The organization was founded in 2001 by Lawrence Lessig, Hal Abelson, and Eric Eldred with the support of Center for the Public Domain. The first article in a general interest publication about Creative Commons, written by Hal Plotkin, was published in February 2002. The first set of copyright licenses was released in December 2002. The founding management team that developed the licenses and built the Creative Commons infrastructure as we know it today included Molly Shaffer Van Houweling, Glenn Otis Brown, Neeru Paharia, and Ben Adida.In 2002 the Open Content Project, a 1998 precursor project by David A. Wiley, announced the Creative Commons as successor project and Wiley joined as CC director. Aaron Swartz played a role in the early stages of Creative Commons, as did Matthew Haughey.As of May 2018 there were an estimated 1.4 billion works licensed under the various Creative Commons licenses. Wikipedia uses one of these licenses. As of May 2018, Flickr alone hosts over 415 million Creative Commons licensed photos.Creative Commons is governed by a board of directors. Their licenses have been embraced by many as a way for creators to take control of how they choose to share their copyrighted works.Endorsements in the 2016 Democratic Party presidential primaries
This is a list of endorsements for declared candidates for the Democratic primaries for the 2016 United States presidential election.Free-culture movement
The free-culture movement is a social movement that promotes the freedom to distribute and modify the creative works of others in the form of free content or open content without compensation to, or the consent of, the work's original creators, by using the Internet and other forms of media.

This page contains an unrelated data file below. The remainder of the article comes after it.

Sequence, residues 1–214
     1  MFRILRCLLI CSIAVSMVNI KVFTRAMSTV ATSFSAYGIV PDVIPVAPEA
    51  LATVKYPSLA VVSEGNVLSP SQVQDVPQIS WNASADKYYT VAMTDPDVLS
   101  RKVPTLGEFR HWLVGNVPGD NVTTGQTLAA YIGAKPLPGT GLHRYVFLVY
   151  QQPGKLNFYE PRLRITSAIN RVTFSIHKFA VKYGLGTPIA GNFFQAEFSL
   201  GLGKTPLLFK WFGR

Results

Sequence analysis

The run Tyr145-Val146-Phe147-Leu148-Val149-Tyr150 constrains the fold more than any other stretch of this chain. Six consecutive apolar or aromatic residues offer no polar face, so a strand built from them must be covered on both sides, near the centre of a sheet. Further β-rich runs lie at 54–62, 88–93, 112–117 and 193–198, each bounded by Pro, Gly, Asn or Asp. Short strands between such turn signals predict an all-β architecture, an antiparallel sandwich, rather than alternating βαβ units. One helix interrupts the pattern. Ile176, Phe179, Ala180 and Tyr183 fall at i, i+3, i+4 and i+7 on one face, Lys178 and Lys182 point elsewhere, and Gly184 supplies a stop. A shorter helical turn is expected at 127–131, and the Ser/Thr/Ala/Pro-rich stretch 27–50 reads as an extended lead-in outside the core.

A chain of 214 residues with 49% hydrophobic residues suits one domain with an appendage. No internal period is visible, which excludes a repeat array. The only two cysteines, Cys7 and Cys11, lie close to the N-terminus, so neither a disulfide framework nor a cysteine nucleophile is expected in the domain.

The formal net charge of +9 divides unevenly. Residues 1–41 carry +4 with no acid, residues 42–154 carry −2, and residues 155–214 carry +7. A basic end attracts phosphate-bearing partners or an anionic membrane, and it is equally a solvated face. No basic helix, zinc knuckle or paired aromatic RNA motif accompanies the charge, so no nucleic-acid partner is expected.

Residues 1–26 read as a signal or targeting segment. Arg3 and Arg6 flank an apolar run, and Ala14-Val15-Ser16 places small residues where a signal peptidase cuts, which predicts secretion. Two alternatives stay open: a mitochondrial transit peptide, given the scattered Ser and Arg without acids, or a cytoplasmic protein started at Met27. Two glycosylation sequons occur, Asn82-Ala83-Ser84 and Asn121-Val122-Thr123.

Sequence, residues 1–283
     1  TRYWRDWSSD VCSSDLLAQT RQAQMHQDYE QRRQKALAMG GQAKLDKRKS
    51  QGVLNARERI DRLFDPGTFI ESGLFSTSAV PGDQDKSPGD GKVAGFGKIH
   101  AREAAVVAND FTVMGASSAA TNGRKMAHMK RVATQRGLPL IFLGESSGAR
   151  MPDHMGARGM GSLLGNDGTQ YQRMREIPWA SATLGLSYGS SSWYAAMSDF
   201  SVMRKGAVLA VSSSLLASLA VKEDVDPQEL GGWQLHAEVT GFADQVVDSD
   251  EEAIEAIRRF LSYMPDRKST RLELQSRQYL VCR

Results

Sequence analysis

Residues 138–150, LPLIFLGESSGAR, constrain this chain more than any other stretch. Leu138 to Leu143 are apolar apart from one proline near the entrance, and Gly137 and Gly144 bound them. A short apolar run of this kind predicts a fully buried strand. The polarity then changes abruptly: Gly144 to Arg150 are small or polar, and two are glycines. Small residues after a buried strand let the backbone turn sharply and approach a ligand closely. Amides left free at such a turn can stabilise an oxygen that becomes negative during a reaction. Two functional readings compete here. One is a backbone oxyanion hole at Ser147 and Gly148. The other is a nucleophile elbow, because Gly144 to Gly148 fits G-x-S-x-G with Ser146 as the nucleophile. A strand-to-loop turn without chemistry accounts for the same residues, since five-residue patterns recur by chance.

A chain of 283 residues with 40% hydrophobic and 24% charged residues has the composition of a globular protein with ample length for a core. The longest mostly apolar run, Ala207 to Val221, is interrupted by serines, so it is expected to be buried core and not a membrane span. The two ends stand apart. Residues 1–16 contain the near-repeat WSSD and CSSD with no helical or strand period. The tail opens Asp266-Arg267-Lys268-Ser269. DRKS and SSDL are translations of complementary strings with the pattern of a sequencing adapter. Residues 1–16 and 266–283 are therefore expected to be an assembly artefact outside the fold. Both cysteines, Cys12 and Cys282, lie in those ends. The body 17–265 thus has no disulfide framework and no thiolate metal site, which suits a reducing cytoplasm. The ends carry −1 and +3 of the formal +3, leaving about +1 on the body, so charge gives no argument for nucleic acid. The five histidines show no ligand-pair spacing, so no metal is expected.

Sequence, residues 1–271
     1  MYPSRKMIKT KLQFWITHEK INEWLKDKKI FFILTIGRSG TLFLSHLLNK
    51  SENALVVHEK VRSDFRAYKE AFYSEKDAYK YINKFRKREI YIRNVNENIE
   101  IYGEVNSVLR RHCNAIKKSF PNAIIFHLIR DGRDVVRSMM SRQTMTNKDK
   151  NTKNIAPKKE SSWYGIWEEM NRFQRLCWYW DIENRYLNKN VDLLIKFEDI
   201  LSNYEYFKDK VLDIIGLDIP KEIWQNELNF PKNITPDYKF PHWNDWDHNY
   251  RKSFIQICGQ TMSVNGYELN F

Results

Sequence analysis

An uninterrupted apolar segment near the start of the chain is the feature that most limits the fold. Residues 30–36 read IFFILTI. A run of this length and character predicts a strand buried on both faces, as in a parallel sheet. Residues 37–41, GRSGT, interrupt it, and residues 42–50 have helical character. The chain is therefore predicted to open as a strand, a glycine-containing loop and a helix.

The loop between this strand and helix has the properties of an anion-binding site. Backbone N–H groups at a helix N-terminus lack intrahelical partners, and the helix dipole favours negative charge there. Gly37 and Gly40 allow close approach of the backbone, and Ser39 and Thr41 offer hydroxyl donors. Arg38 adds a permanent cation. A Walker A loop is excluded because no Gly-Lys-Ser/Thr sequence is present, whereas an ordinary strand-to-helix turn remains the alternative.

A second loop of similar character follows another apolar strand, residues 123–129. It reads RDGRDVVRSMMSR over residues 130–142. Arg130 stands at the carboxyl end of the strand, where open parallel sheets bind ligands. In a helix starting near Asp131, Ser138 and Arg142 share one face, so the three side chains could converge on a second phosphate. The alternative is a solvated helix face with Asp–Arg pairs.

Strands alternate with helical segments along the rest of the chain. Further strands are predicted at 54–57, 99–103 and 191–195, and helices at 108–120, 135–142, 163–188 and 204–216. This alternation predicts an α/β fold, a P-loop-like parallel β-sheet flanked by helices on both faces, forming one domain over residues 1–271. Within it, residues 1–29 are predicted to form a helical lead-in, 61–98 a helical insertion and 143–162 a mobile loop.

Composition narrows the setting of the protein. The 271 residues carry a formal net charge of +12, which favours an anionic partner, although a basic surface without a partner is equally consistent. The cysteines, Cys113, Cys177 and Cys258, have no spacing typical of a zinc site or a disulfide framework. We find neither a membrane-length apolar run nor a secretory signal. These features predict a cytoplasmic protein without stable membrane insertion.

The movement objects to what they consider over-restrictive copyright laws. Many members of the movement argue that such laws hinder creativity. They call this system "permission culture."Creative Commons is an organization started by Lawrence Lessig which provides licenses that permit sharing and remixing under various conditions, and also offers an online search of various Creative Commons-licensed works.
The free-culture movement, with its ethos of free exchange of ideas, is aligned with the free and open-source-software movement.
Today, the term stands for many other movements, including open access (OA), the remix culture, the hacker culture, the access to knowledge movement, the Open Source Learning, the copyleft movement and the public domain movement.Free Culture
Free Culture may refer to:
Free Culture (book) by Lawrence Lessig
Free-culture movement, a social movement for free culture (inspired partly by the book)
Students for Free Culture, formerly FreeCulture.org, an international student organization supporting free cultureGood Faith Collaboration
Good Faith Collaboration: The Culture of Wikipedia is a 2010 book by Joseph M. Reagle Jr. that deals with the topic of Wikipedia and the Wikipedia community. The book was first published on August 27, 2010 through the MIT Press and has a foreword by Lawrence Lessig.Google and the World Brain
Google and the World Brain is a 2013 documentary movie about the Google Books Library Project directed by Ben Lewis, produced by BBC, Polar Star Films and Arte. The main focus in the plot is on copyright controversy caused by the project that resulted in Google Book Search Settlement Agreement.
The movie has received several awards at festivals.It features interviews with many figures concerned, which include German chancellor Angela Merkel and Creative Commons founder Lawrence Lessig.Hiroo Yamagata